Original Post: http://feedproxy.google.com/~r/Quicksprout/~3/7EVxZOsmAMM/
Depending on whom you ask, Millennials have an interesting reputation.
Ask their parents, teachers, and employers, and I’m sure you’ll get different responses from all of them.
An old Time Magazine cover story labeled Millennials as “lazy, entitled narcissists who still live with their parents.”
Truthfully, I think that’s a bit harsh. But it’s safe to say their character traits are very different from those of the generations that preceded them.
Who are Millennials? Although the time period within which they were born is not exact, the term Millennials, also known as Generation Y, generally refers to anyone born during the mid 1980s to the mid 1990s.
Some people even consider anyone born in the early 2000s as a Millennial. But for the most part, anyone born after the late 1990s is labeled as Generation Z.
Why is it important for you as a business owner to recognize this group of people? For starters, this generation constitutes the largest slice of the total population in the United States.
Furthermore, Millennials are projected to stay at the top of these charts for decades to come:
As a marketer, you need to learn how to clearly identify your target audience.
All of your products, services, and advertisements shouldn’t speak to everyone on the planet. That’s why learning how to use generational marketing to segment your target audience is a winning strategy.
If you are currently targeting Millennials, this guide will help you improve your efforts.
If you haven’t implemented a marketing strategy aimed specifically at Millennials, it’s not too late to start. I’ll explain everything you need to know to help you target the Millennial consumer.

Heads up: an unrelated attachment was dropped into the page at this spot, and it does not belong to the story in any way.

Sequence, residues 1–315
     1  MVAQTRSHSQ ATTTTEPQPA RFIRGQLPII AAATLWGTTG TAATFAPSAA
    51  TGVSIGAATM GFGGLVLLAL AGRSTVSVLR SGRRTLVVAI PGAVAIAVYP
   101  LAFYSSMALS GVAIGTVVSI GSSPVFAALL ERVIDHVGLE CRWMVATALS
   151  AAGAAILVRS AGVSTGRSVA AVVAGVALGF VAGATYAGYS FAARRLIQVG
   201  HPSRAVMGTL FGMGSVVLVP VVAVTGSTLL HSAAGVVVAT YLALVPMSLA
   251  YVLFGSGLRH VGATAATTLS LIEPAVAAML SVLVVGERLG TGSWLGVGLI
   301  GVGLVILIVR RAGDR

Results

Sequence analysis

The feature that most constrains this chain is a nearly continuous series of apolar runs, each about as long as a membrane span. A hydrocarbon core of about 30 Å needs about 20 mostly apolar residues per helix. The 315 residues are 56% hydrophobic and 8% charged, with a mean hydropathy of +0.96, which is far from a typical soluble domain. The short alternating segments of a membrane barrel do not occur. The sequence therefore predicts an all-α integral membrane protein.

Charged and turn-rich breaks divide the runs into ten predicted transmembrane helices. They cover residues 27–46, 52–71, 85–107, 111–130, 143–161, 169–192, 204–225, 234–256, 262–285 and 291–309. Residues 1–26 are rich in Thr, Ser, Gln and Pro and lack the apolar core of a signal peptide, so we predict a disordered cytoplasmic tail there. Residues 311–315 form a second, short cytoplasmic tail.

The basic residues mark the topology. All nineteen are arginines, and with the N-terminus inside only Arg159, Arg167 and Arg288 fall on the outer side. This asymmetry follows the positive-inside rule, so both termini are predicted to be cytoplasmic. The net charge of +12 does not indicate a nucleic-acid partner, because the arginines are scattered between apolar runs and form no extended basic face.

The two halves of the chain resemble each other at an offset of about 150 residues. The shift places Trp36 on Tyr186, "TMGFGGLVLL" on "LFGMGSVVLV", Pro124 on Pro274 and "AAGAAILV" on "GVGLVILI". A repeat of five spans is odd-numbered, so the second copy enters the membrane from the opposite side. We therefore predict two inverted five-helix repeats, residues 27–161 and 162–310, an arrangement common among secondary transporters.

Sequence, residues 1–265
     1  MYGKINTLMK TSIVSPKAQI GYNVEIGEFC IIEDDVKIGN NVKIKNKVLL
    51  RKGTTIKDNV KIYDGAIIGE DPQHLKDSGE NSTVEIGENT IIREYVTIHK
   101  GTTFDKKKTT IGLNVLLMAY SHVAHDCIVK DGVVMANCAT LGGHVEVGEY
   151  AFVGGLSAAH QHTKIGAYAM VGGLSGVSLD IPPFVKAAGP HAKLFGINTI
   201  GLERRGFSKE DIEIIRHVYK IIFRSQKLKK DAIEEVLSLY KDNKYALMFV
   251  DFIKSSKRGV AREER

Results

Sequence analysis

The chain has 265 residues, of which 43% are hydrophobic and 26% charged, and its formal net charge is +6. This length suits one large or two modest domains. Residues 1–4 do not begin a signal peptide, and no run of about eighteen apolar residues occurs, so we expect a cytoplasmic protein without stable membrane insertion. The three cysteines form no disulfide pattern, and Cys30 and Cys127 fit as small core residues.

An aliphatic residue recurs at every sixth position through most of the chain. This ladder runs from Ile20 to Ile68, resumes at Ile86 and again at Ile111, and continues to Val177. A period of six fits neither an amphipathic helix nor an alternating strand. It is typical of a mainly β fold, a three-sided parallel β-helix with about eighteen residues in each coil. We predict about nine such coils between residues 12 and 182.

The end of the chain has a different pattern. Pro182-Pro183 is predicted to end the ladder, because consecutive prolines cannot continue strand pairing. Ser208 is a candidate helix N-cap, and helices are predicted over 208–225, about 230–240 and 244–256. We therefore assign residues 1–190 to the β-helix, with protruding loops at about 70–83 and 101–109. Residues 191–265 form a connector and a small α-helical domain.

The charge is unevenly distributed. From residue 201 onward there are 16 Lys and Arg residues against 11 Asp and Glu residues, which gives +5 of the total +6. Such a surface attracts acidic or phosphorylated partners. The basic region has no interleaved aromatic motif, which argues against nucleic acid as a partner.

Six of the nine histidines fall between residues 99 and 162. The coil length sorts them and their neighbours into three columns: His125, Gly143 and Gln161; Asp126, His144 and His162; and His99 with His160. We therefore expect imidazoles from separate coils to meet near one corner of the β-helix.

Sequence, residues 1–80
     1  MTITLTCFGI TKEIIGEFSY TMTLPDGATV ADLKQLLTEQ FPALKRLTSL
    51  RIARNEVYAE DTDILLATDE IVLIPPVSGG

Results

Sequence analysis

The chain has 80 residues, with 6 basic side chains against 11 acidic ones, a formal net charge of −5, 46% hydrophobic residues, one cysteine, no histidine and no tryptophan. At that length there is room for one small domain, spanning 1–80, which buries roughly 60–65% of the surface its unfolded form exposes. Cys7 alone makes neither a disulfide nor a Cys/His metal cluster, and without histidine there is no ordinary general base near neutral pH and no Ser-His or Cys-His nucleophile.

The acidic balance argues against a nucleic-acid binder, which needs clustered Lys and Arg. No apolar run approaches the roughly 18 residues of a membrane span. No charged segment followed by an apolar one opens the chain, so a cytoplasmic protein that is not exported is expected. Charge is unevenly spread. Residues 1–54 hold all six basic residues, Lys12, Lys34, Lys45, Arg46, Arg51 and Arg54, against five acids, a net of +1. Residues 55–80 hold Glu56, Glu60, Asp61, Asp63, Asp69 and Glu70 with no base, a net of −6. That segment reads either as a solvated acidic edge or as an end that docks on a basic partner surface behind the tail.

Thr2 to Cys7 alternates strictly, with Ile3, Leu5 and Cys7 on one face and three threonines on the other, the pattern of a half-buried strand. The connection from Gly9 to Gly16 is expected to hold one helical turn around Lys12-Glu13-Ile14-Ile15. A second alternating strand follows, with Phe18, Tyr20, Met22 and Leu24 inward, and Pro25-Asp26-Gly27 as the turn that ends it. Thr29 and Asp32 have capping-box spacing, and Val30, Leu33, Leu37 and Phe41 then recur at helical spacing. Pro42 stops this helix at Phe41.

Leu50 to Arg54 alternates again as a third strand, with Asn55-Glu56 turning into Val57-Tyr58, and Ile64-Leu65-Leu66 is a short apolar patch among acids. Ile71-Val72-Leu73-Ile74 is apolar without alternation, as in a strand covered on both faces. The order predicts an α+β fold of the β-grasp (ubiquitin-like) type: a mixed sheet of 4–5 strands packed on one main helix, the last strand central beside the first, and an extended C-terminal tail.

Speak to their entrepreneurial spirits
Before you can start marketing to anyone, you need to try to understand how they think and behave. Develop a customer persona as a research tool.
One of the elements of this type of marketing tool is the ability to analyze the consumer’s work habits. Unlike previous generations who got jobs and stuck with them until they retired, Millennials have other ambitions.
In fact, 54% of Millennials want to start their own companies or have already started one.
That’s because they want their lives and schedules to be more flexible compared to the stereotypical workweek. In fact, 89% of this group say they would rather decide themselves when and where to work as opposed to working a standard nine to five job.
Further, 45% of Millennials would choose a job with a more flexible schedule rather than a higher pay rate.
That’s why it should come as no surprise that Millennials spend fewer years at the same job compared to previous generations.
Use this information to your advantage when it comes to your marketing strategy.
Present your brand so that it appears flexible and helpful to entrepreneurs. Find a way to make your products useful to young adults who want to start their own businesses.
Recognize they probably won’t stay at their current jobs for long. Sell them a lifestyle that fits their needs and wants.
Understand how they live
Outside of their lives at work, you’ve also got to consider other places where your target market spends the majority of their time.
At the very least, you can assume they’ll spend roughly eight hours or so sleeping at home. Naturally, it makes sense for you to analyze their home lives.
But don’t make any assumptions. The home life of a Millennial is very different from that of previous generations.
Research found 65% of Millennials across the United States rent their homes. This is more than double the percentage of Baby Boomers who are renters.
Millennials are happy renters and don’t necessarily plan to buy a home in the foreseeable future.
As you can see, there are other characteristics that this group looks for when it comes to their housing situations. They prefer apartments as opposed to houses.
This may have to do with their flexible lifestyle. They may not have, need, or want the possessions and furniture to fill the larger space of a house.
From a marketing perspective, you need to recognize this if you sell products related to the home furnishings industry. You need to adjust your marketing campaigns accordingly to target Millennials.
A Millennial won’t spend thousands of dollars on a couch if they know it’ll be kept in their apartments only for a year during a short lease.